84. Fluent Forever: How To Learn Any Language Fast and Never Forget It by Gabriel Wyner
I try to read every language learning book that comes out as soon as possible after its publication date. I was not aware of this one until I ran into it quite serendipitously at a small mom and pop bookshop in SoHo recently while waiting to meet my good friend Alan for dinner at a local Israeli food joint.
As a language teacher (beginning Cantonese Chinese to non-native speakers for 3 years now and beginning spoken Mandarin Chinese to non-native speakers as of this past week (this is my first semester teaching that dialect)), I am usually not particularly impressed by popular books on language learning techniques and resources. Case in point, my personal opinion about Rosetta Stone, which I view as an excellent resource for intermediate and advanced learners but just about the worst method ever for absolute beginners. However, I was VERY impressed with this book -- so impressed that I intend to reread it this fall and contact the author to hopefully interview him for my foreign language learning blog, which I also plan to develop into a fully-funtional internet learning portal in 2015.
Because of my need to keep these reviews short, due to the fact that my life recently exploded with unintended and unforeseen time-suckers and I "shouldn't" even be using this time right now to type this entry, I will summarize my impression of this book by saying this: if you are interested in learning how to mount a multi-pronged approach to learning your foreign language or languages of choice right now in 2014 / almost 2015, THIS would be one of the first books you should read, especially if you are a Youtube / Skye / social media-savvy so-and-so and would like to spend a good portion of your time using these resources, along with various apps and electronic flashcard resources in your studies. Feel free to comment on this entry and I will elaborate if there is any interest. For now, I need to move onto the next review.
85. The Catcher in the Rye by J.D. Salinger
Boy feels that the entire world is phony and that no one he knows except for his younger sister and at times his older brother (who has sold out, but is still loved) are "real" individuals, saying what they mean and living life as they intend to live it. Boy has a fist fight with an arrogant prep school classmate and is kicked out of his umpteenth high school. Boy has a couple of weeks before he is due home in New York City for semester break. Boy travels to NYC early, accidentally hires a prostitute who is younger than him, and gets into another fist fight with said hooker's pimp when boy refuses to pay an inflated price for a trick he didn't even take. Boy calls up several girls and guys that he knows from his past in the hopes that they might not be phony like everyone else. Boy sneaks into his house and runs into his kid sister, who sees right through his scam and wants to be a part of his adventure. Kid sister refuses to back down and threatens to run away with boy. Boy relents and waits for his parents' arrival, so he can have yet another confrontation about yet another failure in his young life.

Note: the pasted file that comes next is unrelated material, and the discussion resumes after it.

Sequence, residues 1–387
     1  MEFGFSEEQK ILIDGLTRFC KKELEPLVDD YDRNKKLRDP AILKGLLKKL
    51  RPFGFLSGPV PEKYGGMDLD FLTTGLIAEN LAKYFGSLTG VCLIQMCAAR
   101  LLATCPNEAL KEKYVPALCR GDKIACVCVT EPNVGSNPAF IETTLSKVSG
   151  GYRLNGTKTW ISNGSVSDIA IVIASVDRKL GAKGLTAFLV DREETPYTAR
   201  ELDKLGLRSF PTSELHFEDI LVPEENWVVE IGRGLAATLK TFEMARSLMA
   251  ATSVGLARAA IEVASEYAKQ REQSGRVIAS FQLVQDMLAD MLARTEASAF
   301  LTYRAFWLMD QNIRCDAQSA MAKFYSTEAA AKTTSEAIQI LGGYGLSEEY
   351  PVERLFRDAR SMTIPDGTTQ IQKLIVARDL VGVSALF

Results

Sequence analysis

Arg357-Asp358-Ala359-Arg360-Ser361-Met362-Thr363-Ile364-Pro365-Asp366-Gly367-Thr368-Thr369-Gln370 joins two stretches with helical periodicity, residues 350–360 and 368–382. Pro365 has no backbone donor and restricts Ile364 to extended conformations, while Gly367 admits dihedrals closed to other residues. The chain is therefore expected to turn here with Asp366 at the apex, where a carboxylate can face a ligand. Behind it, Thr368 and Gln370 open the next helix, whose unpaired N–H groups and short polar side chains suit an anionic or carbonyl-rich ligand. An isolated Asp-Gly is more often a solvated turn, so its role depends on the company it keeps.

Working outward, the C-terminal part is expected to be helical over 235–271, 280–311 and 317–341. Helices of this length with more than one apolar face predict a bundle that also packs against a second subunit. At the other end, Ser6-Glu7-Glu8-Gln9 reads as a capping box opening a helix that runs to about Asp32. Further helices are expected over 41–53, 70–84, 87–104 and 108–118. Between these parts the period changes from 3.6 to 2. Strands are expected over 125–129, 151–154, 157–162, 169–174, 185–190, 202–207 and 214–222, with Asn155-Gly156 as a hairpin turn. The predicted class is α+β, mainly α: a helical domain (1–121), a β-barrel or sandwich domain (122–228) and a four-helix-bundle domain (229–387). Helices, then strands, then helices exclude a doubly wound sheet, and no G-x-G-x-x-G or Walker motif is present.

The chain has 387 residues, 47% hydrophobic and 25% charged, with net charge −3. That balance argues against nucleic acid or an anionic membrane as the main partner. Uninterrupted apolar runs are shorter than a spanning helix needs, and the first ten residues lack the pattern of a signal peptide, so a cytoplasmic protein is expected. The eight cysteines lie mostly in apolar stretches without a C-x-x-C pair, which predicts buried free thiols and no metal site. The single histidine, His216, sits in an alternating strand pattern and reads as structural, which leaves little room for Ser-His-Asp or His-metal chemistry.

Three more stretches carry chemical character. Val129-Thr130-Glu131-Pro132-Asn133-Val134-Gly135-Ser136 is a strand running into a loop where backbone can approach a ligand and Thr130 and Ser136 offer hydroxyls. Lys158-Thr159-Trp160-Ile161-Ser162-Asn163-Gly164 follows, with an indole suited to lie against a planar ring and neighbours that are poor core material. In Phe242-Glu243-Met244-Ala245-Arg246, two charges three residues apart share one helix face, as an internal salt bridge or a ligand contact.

I am blessed to have my dad's original copy of this book from the late 1950s / early 1960s (alas, not a first edition pb, though), and I have read this copy 4 times now, I believe. I decided to reread this book because I have always enjoyed the writing style as well as the narrator's attitude towards trying to find meaning in life and in social interactions. Living in New York City, albeit 50 years after the main character of this book, the story has continued to resonate with me through multiple readings throughout my teens, twenties, thirties, and now forties. My friend Alan had mentioned this book in the same moment when he suggested that Fitzgerald's The Great Gatsby did not measure up to Dickens. I am not sure that I agree or disagree with that statement. Good writing must first and foremost resonate with the time and world of the contemporary reader. Great writing should continue to resonate with the lives of future generations. I think that this book accomplishes that, in its comparative simplicity of style and content. It has my vote of confidence as a part of the 21st century canon of American literature.